The marked downregulation of NADPH oxidase 4 (NOX4) we observed after incubation with benfotiamine, if also present in other cell types, may be a key mechanism by which this compound exerts its beneficial effects in animal models of diabetes. NOX4 is upregulated in response to hyperglycemia (Xia et al. 2006), is a primary source of reactive oxygen species (Basuroy et al. 2009) and is highly expressed in kidney (Gorin et al. 2005) and vascular endothelial cells (Chen et al. 2008). Benfotiamine has previously been shown to prevent genomic damage to cells exposed to prooxidants in vitro (Schmid et al. 2008) and ex vivo (Schupp et al. 2008). Inhibition of NOX upregulation has been shown to prevent the development of nephropathy in STZ-induced diabetic rat model (Xu et al. 2009). Notably, we found that benfotiamine also downregulated NOX4 expression under normoglycemic conditions, suggesting that benfotiamine may have effects on the constitutive expression of NOX4 unrelated to ambient plasma glucose concentrations. The significant downregulation of growth factor midkine (MDK) we observed after benfotiamine treatment may also exert a beneficial effect since it has been shown to play a key role in the development of diabetic nephropathy in a STZ-induced diabetic mouse model (Kosugi et al. 2006).
Our finding that the serine proteinase inhibitor SERPINB7 was significantly upregulated by benfotiamine under both normo- and hyperglycemic conditions was unexpected. Recent studies have suggested that upregulation of SERPINB7 expression in response to hyperglycemia increases mesangial matrix accumulation and accelerates diabetic nephropathy in mice (Miyata et al. 2002). This may be secondary to inhibition of plasmin and matrix metalloproteinase activity (Ohtomo et al. 2008). This finding does not concord with a previous study, showing that benfotiamine actually protects against diabetic nephropathy in animal models (Babaei-Jadidi et al. 2003). The reasons for this discrepancy are unclear but may be related to differences in myotubes as compared to mesangial cells where SERPINB7 is predominantly expressed.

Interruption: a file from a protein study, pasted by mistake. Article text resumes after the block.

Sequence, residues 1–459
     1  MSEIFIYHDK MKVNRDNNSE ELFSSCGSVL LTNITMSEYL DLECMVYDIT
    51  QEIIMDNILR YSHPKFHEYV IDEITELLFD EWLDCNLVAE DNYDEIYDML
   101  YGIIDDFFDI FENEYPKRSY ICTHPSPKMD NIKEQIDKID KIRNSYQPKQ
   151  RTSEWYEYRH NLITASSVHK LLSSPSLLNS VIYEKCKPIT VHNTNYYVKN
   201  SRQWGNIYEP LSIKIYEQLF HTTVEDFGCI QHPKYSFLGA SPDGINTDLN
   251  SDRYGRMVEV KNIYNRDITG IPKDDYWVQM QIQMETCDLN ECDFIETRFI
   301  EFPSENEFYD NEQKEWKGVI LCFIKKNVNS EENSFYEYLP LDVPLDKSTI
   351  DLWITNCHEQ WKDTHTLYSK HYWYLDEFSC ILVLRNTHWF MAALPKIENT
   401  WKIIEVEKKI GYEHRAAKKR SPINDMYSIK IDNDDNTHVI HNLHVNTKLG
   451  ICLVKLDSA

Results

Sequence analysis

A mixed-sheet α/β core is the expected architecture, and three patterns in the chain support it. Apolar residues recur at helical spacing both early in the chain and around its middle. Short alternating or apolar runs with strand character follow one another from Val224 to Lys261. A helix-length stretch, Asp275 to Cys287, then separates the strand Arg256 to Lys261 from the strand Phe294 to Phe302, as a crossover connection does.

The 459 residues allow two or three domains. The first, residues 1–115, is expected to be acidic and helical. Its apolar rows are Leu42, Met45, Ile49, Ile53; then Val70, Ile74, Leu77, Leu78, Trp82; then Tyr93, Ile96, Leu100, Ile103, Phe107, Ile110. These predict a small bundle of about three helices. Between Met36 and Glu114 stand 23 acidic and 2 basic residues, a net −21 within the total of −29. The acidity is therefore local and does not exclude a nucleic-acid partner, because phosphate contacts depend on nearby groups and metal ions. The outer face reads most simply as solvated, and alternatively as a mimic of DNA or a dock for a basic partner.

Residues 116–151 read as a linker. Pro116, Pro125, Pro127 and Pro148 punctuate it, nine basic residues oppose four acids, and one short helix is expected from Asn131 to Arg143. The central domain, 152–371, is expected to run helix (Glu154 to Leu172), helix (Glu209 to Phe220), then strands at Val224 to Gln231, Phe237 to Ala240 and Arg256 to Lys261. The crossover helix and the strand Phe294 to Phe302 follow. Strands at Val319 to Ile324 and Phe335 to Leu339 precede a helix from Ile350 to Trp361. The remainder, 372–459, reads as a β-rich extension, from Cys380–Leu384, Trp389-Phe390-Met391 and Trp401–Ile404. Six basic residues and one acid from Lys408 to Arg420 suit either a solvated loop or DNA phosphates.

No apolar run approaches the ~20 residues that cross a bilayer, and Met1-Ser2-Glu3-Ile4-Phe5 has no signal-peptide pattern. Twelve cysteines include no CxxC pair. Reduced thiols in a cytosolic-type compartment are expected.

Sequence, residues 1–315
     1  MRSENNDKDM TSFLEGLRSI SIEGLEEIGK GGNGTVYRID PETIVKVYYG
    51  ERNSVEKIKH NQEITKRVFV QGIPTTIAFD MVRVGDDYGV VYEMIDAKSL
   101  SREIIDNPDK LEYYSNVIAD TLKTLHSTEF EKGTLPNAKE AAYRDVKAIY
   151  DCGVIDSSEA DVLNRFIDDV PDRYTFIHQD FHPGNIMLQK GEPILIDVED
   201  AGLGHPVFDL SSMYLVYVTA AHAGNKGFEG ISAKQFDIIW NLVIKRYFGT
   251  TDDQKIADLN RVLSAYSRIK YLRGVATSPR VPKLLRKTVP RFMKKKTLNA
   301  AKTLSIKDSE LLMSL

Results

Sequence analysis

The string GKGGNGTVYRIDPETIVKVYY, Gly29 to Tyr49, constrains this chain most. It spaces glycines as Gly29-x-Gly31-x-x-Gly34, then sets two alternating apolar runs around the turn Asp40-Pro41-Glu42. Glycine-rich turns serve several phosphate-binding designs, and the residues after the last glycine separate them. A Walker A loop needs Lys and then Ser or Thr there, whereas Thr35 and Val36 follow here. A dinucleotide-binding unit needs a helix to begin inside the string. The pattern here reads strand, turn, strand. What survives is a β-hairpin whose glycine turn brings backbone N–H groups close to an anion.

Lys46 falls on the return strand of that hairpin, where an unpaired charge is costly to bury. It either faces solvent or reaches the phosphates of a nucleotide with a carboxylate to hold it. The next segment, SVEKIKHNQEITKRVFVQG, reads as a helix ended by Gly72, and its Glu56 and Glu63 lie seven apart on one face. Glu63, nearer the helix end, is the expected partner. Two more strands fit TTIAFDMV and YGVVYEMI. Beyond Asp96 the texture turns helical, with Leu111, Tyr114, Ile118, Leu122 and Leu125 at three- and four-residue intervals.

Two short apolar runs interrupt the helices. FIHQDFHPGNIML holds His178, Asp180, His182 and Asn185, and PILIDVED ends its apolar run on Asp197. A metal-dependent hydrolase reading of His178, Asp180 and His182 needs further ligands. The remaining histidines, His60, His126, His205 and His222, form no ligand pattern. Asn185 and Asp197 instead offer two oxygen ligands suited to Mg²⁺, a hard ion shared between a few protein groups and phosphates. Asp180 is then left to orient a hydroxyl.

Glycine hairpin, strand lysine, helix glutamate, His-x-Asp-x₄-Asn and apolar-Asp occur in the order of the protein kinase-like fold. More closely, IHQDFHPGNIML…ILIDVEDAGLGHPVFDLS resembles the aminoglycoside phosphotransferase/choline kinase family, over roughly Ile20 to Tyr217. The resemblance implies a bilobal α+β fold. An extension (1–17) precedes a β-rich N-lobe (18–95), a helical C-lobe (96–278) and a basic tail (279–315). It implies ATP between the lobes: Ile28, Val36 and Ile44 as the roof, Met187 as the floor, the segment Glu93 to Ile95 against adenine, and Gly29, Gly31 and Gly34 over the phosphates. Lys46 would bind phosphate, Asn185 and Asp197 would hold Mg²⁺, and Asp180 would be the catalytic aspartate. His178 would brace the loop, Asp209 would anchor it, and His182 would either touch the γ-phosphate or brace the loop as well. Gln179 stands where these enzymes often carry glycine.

In addition to increasing TK activity, it has previously been found that benfotiamine increases the expression of TK in renal glomeruli (Loew 1996). However, we did not find any change in the gene expression of TK in human myotubes using microarray. In addition, we did not find any significant changes in genes encoding enzymes involved in glycolysis and/or the TCA cycle that might suggest that the increased oxidation we observed may be secondary to changes in enzyme activity rather than gene expression levels.
Using benfotiamine, in vitro differs from in vivo since most of the benfotiamine given orally is partially dephosporylated in the gut to benzoylthiamine. Due to the enhanced membrane permeability of benzoylthiamine, oral benfotiamine leads to higher plasma and intracellular concentrations of the active metabolite, thiamine diphosphate (TPP), than thiamine (Loew 1996). Although intact benfotiamine is also delivered to cells via the reduced folate carrier-1 (RFC-1) which is then de-benzoylated to thiamine monophosphate (TMP) by cellular and plasma esterases (Thornalley and Babaei-Jadidi 2005), it is not superior to thiamine in increasing the intracellular concentrations of thiamine in vitro (Volvert et al. 2008). The exposure of cells in vivo to intact benfotiamine is minimal (peak plasma concentration approx. 10 nM in subjects taking 250 mg benfotiamine/day) as compared to the supra-pharmacological concentrations used in this study (100–200 μM; Ziems et al. 2000). Although doses as high as 900 mg benfotiamine per day have been used clinically (Alkhalaf et al. 2010), we must take into account the possibility that the effects we observed were associated with the high concentrations used, which might result in the generation of esterase-derived thiols at concentrations not observed in vivo. It is also possible that benfotiamine, but not thiamine, induces spontaneous rearrangement of S-acylcysteine derivatives to N-acylcysteine derivatives that affects pyrimidine synthesis and related signaling (Edwards et al. 1996).